In this paper, we report a 49-year-old female with subacute thyroiditis who had thyroidstimulating antibodies (TSAb) and thyroid-stimulation-blocking antibodies (TSBAb) in serum. Although she was in the thyrotoxic phase and TSH was suppressed in May, 1990, her radioactive iodine uptake (RAIU) was not suppressed (35.5%) and a thyroid scan disclosed a diffuse goiter with no defect. Serum assays revealed the presence of TSAb, but TSBAb were negative. In August, 1990, the right lobe became undetectable by thyroid scan when the RAIU was 20.7% with the TSH level remaining suppressed. At that time, TSAb were negative, while TSBAb were positive. When the RAIU was 31.1% in October, 1990, both thyroid lobes became visible and the TSH level was normalized. TSBAb became negative, and although TSAb reappeared it later became undetectable. These results indicate that the changes in the patient's thyroid scan and RAIU were attributable to the presence of TSAb.
The glucocorticoid receptor is a member of the steroid and thyroid hormone receptor superfamily and acts as a ligand-activated transcription factor. To reconstitute the molecular mechanisms underlying the cellular response to soluble receptor ligands, we have exploited a cell-free system that exhibits glucocorticoid-induced activationof the latent cytosolic glucocorticoid receptor to an active DNA-binding species. We demonstrate here that cytosol from a rat hepatoma cell, M1. 19, contains glucocorticoid receptor-specific immunoreactivities and target DNA-binding activities. Moreover, specific DNA-binding activities of M1.19 cytosol were dose-dependently induced by dexamethasone treatment, and linearly correlated with the hormonal induction of chloramphenicol acetyltransferase activity at the corresponding concentrations. These results indicate that the cytosolic glucocorticoid receptor could be converted in a DNA-binding form under cell-free conditions and the ligand appears to play a crucial role in the direct control of the level of functional activity of a given ligand-receptor complex.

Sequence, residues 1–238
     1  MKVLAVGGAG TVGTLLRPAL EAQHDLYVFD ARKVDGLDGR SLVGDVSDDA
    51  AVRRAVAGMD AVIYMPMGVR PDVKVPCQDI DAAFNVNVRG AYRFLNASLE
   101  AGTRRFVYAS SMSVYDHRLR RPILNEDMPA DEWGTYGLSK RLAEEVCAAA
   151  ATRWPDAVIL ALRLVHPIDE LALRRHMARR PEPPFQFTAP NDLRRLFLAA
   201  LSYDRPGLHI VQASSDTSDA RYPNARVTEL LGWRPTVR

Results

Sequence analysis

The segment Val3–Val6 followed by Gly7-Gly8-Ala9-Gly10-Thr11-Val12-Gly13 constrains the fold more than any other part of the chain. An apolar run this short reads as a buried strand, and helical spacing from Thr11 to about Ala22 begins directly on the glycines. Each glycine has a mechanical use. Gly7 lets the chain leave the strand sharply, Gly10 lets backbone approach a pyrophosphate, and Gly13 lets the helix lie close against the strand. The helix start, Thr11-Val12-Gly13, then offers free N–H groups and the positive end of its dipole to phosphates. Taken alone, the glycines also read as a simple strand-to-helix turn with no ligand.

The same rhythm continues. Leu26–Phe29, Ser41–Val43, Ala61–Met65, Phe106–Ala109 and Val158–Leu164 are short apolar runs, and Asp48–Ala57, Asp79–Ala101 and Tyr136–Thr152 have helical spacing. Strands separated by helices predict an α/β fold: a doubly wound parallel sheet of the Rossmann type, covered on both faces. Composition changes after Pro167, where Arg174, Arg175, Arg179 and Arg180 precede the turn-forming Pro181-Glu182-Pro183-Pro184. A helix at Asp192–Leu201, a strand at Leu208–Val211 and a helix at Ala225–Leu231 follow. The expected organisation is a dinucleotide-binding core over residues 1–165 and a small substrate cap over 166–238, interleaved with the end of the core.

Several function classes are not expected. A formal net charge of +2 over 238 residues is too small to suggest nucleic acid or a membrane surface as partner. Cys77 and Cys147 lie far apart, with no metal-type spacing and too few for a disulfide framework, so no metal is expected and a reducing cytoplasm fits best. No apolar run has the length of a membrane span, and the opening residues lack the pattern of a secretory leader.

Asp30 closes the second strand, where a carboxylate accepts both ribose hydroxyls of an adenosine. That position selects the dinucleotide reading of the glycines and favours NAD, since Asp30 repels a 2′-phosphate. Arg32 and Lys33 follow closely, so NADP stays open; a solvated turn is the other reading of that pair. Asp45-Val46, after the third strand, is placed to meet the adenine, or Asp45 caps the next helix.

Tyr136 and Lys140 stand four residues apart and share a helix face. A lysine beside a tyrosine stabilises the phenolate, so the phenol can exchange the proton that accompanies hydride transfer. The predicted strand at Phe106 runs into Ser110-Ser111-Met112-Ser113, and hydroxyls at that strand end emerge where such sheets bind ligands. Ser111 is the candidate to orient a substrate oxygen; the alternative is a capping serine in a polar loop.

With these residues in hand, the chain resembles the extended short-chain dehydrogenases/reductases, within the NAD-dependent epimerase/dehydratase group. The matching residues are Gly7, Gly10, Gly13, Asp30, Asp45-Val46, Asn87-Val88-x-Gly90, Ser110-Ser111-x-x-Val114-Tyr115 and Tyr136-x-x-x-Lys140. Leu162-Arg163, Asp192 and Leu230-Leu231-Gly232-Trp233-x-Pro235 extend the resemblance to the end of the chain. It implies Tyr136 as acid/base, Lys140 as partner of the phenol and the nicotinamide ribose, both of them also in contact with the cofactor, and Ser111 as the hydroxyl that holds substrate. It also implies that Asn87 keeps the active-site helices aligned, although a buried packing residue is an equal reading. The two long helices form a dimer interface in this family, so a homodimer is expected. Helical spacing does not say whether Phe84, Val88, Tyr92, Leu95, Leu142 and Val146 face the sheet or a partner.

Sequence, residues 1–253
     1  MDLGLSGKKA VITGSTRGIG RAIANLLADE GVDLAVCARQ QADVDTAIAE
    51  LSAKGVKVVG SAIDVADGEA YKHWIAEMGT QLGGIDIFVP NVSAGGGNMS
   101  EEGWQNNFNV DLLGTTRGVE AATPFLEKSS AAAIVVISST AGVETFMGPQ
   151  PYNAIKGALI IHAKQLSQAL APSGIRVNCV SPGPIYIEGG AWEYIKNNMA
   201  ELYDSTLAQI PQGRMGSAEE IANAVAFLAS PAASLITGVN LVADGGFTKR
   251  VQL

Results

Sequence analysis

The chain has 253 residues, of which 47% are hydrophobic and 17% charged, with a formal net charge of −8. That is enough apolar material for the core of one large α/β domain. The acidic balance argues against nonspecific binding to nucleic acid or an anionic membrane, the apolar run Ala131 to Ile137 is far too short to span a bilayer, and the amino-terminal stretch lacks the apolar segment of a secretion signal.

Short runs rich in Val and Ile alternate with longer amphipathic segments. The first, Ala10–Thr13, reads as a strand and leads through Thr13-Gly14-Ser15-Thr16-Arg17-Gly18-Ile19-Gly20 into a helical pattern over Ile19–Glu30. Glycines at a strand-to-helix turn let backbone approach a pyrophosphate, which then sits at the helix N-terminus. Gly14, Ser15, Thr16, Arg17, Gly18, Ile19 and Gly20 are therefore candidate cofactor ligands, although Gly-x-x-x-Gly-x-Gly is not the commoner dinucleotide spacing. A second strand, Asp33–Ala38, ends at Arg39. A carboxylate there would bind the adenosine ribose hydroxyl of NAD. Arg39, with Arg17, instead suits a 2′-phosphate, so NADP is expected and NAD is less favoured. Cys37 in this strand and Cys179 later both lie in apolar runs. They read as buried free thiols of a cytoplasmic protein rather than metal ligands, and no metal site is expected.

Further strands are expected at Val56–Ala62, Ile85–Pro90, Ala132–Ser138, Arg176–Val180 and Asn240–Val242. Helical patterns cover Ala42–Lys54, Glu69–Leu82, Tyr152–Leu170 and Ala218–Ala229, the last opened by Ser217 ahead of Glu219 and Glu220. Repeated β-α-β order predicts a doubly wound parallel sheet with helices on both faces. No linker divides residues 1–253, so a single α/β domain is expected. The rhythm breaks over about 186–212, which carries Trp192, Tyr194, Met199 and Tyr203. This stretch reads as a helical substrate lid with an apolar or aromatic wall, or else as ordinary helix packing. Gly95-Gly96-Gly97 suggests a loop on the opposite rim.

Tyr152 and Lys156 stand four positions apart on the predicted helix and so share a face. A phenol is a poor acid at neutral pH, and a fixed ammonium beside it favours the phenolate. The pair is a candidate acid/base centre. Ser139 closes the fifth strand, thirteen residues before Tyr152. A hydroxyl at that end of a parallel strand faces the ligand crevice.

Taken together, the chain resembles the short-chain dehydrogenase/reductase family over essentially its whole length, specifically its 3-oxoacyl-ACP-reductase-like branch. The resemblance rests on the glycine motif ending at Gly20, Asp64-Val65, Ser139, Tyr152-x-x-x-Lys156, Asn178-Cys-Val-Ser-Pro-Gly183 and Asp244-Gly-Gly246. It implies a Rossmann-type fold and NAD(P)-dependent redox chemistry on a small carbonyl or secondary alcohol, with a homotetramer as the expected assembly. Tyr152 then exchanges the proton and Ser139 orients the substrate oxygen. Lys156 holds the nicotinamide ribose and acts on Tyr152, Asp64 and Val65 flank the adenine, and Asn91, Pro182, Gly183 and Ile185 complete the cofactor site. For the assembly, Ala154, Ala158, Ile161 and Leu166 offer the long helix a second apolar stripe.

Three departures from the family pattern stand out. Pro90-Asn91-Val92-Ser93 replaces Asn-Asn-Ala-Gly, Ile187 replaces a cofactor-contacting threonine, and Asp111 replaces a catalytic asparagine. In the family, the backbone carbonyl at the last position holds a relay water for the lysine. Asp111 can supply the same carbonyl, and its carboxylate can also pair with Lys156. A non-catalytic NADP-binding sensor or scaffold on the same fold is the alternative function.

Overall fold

To determine the importance of adrenal steroid in the effects of interleukin-1, we investigated changes in the number of islet cells reactive toward antiserum to insulin (anti-Ins) by intraperitonealadministration of recombinant human interleukin-1β(IL-1) in intact and adrenalectomized (ADX) rats. IL-1 significantly reduced serum insulin levels in ADX rats only, while it similarly decreased plasma glucose levels. In intact rats, IL-1 did not affect the number of islet cells reactive to anti-Ins, although cytoplasmic immunostaining tended to be reduced by IL-1 treatment. Only adrenalectomy decreased the number of islet cells immunostained by anti-Ins. Furthermore, IL-1 treatment significantly reduced the number of islet cells reactive to anti-Ins in ADX rats. The present study immunohistochemically supported our working hypothesis that the withdrawal of adrenal steroids by adrenalectomy enhances the islet cell sensitivity to exogenous administration of IL-1.